The Tandana Foundation provided a start-up revolving fund for six women’s associations in Bandiagara District of Mali last fall. Each of the groups recently collected their first reimbursement for materials used in their income-generating enterprises. In the blog below, three women from these groups share their thoughts following this first repayment that has refilled the operating fund. Now, each group can use its fund to buy more materials and continue earning income. Continue reading “Six women’s associations reimburse their revolving funds, ready to continue earning with their enterprises”
As part of the Women’s Literacy, Leadership, and Enterprise Program, the Tandana Foundation used part of a grant from Dining for Women to provide startup funding for six new women’s associations’ business proposals in the Bandiagara District of Mali. These women’s associations are now starting income-generating activities, including making nutritional seasoning balls out of néré seeds, raising sheep, transforming cotton into cloth and indigo dyeing. Continue reading “Tandana funds six women’s association enterprises in Mali”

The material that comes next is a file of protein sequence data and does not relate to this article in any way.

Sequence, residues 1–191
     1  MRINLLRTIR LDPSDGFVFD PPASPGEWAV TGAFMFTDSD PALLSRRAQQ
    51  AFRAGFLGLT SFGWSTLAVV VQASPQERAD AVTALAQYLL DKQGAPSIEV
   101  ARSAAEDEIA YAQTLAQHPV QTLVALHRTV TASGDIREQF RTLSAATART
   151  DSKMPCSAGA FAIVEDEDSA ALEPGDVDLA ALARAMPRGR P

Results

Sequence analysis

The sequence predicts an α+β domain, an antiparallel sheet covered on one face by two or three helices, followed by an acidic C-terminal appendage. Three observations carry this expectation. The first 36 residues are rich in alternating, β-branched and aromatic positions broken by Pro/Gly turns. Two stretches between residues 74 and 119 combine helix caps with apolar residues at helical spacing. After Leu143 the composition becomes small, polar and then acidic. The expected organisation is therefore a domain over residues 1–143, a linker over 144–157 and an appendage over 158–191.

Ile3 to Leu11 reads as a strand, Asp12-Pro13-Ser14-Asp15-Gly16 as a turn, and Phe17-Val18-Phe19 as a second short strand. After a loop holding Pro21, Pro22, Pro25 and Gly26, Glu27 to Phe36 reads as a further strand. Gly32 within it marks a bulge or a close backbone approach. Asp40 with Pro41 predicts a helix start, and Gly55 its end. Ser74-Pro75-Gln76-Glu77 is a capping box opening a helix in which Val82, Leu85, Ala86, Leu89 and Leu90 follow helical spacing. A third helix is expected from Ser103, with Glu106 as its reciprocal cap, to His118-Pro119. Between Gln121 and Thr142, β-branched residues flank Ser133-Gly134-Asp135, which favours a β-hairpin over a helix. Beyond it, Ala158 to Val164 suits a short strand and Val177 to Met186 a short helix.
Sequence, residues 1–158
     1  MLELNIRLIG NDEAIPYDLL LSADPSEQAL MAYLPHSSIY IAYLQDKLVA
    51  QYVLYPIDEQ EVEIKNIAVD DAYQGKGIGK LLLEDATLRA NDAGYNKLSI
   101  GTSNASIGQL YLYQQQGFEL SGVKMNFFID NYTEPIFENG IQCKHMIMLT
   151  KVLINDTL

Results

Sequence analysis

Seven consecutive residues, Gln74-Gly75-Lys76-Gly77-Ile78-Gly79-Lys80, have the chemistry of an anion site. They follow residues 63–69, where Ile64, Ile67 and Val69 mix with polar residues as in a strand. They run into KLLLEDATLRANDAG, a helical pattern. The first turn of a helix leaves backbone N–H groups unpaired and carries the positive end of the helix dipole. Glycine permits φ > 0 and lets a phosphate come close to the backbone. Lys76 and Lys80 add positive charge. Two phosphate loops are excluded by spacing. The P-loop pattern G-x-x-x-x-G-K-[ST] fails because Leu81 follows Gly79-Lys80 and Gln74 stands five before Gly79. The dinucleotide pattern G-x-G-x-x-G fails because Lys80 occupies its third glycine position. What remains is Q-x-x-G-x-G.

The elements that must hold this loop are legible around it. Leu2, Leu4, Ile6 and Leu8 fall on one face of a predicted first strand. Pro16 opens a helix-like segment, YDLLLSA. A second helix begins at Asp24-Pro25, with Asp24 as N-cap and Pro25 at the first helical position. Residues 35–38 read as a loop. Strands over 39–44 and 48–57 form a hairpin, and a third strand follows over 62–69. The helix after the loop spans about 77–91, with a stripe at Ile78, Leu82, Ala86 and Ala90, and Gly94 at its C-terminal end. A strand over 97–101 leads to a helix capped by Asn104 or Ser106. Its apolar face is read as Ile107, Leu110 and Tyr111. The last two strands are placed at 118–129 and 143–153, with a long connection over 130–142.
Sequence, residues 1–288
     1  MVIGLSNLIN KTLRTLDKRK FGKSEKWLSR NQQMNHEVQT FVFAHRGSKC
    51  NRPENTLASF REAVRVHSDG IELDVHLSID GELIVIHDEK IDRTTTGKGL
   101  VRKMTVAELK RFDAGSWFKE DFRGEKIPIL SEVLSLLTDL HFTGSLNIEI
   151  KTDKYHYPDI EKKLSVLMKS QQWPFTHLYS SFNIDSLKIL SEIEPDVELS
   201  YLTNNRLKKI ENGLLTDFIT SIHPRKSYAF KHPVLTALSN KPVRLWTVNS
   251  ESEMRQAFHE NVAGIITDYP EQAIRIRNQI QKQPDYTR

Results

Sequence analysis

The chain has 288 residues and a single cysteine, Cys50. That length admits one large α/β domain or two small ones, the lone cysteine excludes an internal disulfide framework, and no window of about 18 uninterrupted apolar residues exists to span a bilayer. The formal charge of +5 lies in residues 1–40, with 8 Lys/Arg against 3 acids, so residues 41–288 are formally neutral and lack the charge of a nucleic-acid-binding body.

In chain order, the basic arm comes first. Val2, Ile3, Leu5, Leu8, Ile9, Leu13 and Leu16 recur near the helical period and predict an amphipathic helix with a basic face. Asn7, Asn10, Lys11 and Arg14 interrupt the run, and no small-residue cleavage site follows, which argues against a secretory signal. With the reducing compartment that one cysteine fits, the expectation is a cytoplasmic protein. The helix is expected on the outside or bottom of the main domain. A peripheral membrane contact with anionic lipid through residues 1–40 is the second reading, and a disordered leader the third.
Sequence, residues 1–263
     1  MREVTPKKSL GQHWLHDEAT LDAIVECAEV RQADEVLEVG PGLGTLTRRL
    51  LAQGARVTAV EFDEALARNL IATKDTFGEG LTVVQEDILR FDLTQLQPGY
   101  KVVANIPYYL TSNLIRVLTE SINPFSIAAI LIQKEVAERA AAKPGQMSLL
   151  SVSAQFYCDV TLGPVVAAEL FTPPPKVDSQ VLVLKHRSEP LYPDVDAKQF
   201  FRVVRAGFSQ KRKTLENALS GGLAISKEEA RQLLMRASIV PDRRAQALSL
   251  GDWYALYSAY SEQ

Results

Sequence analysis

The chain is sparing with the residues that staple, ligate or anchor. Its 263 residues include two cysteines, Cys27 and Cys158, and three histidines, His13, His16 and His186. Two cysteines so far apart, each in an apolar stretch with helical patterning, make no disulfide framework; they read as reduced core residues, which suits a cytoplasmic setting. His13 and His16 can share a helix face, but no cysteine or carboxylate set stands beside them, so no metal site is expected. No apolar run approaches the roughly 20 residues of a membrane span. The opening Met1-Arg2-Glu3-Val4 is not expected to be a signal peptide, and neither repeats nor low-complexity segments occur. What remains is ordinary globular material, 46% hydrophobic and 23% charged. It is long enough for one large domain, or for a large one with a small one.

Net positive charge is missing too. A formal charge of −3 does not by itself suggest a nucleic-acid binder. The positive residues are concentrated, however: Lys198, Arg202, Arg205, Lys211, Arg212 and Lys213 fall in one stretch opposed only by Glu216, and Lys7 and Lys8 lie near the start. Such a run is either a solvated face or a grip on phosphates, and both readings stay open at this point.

In rural Mali, the Tommo So literacy and numeracy classes, along with the recently launched leadership workshops, which are made possible thanks to the support from Dining for Women, continue to have extremely positive impacts on the women who participate in them. Below, three women share their stories of how these programs, which have been established in many villages by the Tandana Foundation, have changed their lives for the better and have assisted them in becoming community leaders. Continue reading “‘Long live the Tandana Foundation’”